January 6, 2010
Lower back pain affects everyone, but it doesn't have to stop you. Personal Photo/Jennifer Cunningham
Almost everyone experiences lower back pain at some point, but for some people it is a never ending aspect of their life. Pain in the lower back can be brought on by weak supporting muscles, trauma, injury, strain, nerve damage, or poor posture.
Always get clearance from your doctor before beginning an exercise routine if you are worried about damage to your tissue. If you have back pain associated with an injury, then you should go easy on the exercise for a couple days. Try to return to exercise as soon as possible. It is rare to need longer than one week of rest for most injuries. This doesn't mean to return full strength to your previous exercise routine however. When you do start exercising after an injury, start slow and work your way up depending on how much your back can handle.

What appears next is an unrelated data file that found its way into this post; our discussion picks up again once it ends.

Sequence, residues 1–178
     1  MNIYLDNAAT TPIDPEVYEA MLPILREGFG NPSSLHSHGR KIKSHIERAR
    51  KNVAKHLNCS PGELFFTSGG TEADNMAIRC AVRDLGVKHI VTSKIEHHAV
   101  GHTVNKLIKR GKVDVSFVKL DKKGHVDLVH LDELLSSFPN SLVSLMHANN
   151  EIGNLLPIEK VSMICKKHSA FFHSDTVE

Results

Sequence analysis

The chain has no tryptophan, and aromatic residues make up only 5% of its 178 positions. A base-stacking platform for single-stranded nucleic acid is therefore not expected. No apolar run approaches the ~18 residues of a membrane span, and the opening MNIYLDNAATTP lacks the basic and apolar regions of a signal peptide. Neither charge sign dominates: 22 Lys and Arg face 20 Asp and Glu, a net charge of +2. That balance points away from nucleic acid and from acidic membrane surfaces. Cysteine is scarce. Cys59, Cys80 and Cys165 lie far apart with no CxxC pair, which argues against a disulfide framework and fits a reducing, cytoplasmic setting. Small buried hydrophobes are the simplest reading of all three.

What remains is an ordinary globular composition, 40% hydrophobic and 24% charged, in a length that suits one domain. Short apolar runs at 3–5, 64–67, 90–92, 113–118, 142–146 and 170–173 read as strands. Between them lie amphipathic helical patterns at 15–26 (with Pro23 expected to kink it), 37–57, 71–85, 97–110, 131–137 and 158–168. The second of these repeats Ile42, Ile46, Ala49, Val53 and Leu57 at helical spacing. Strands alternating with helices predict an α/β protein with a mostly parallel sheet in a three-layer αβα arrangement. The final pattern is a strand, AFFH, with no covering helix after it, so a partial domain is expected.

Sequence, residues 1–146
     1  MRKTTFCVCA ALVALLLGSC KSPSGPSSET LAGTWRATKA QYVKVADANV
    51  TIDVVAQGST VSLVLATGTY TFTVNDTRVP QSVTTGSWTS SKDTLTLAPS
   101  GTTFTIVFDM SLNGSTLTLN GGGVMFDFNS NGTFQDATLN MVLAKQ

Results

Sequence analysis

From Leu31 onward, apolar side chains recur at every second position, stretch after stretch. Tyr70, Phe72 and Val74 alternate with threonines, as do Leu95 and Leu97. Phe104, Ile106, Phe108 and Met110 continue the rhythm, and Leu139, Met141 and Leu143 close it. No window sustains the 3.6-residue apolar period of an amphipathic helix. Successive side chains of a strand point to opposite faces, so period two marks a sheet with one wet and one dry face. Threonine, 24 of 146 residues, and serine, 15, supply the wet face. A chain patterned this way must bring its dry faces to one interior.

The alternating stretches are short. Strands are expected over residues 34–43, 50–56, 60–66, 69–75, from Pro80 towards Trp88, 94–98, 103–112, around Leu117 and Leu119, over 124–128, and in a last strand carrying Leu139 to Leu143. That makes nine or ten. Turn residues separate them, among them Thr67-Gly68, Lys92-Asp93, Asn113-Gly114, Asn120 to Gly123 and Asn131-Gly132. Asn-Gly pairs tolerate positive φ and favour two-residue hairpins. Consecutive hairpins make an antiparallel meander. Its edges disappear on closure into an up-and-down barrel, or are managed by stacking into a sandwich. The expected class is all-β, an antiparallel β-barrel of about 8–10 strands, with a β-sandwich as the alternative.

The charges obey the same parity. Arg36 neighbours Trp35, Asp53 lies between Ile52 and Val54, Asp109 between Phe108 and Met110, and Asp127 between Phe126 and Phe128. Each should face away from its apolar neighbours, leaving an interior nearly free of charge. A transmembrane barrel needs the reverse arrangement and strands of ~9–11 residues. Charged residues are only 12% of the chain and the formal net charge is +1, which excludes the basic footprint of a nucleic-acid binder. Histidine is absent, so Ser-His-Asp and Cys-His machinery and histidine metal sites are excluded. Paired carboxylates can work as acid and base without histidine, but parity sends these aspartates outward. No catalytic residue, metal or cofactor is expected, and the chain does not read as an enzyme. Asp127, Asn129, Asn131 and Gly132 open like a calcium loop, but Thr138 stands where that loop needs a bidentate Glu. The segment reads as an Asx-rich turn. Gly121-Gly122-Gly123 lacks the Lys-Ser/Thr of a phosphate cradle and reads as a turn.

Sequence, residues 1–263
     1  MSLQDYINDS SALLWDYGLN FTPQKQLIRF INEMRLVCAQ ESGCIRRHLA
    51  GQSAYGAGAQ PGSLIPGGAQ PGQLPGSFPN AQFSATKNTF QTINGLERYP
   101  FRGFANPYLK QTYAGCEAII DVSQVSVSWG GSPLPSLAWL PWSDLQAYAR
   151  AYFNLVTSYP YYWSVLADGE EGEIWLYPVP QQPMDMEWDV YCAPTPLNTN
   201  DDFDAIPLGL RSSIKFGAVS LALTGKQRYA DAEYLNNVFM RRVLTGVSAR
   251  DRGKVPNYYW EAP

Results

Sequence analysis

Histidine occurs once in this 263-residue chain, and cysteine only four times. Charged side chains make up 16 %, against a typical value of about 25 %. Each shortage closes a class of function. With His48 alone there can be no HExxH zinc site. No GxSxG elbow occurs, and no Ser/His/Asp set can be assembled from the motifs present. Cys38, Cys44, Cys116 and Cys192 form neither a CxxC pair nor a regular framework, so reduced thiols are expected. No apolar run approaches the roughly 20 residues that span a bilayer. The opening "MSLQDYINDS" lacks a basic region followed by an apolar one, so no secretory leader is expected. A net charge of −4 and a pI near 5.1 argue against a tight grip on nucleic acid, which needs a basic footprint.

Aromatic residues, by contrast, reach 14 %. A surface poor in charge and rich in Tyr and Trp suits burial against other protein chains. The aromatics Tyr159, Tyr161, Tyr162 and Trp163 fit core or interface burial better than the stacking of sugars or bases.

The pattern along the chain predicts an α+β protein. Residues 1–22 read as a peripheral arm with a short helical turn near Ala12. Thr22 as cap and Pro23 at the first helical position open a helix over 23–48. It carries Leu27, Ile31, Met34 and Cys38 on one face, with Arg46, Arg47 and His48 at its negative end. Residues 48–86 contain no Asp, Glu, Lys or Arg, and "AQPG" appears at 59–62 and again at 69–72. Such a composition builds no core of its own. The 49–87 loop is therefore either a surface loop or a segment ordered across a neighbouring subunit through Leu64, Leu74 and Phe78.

If you have chronic recurring back pain, you need to exercise, but you will have to find exercise that works around the pain. There is no evidence to show that chronic back pain not associated with an immediate injury causes any damage. Understand that certain sitting and standing positions cause discomfort so find what works. The recumbent bike is a great example because it lets you lean back in a more comfortable position compared to the up right bike. Swimming is another option that is easy on the back. Walking can be good, but if the standing position is hard on the back- start out walking short distances at first and work up to longer distances.
If you have been sedentary for a while, start out with low intensities for about 2-4 weeks. Go for 3 days a week, and work your way up to 5 or more days slowly. If you aren't sure if you are working at a low intensity, just try to have a conversation while exercising. You should be able to effortlessly carry on a conversation while exercising during the beginning stage. Avoid hip and back muscle exercises in the first 2-4 weeks. You can get to them after you have built up a base.
If you have lower back pain due to weak supporting muscles then you need to do more strength training with the focus being on the abdominals, obliques, and lower back. The weights should be low with moderate repetitions. Maintaining good posture will also help strengthen the muscles and alleviate back pain.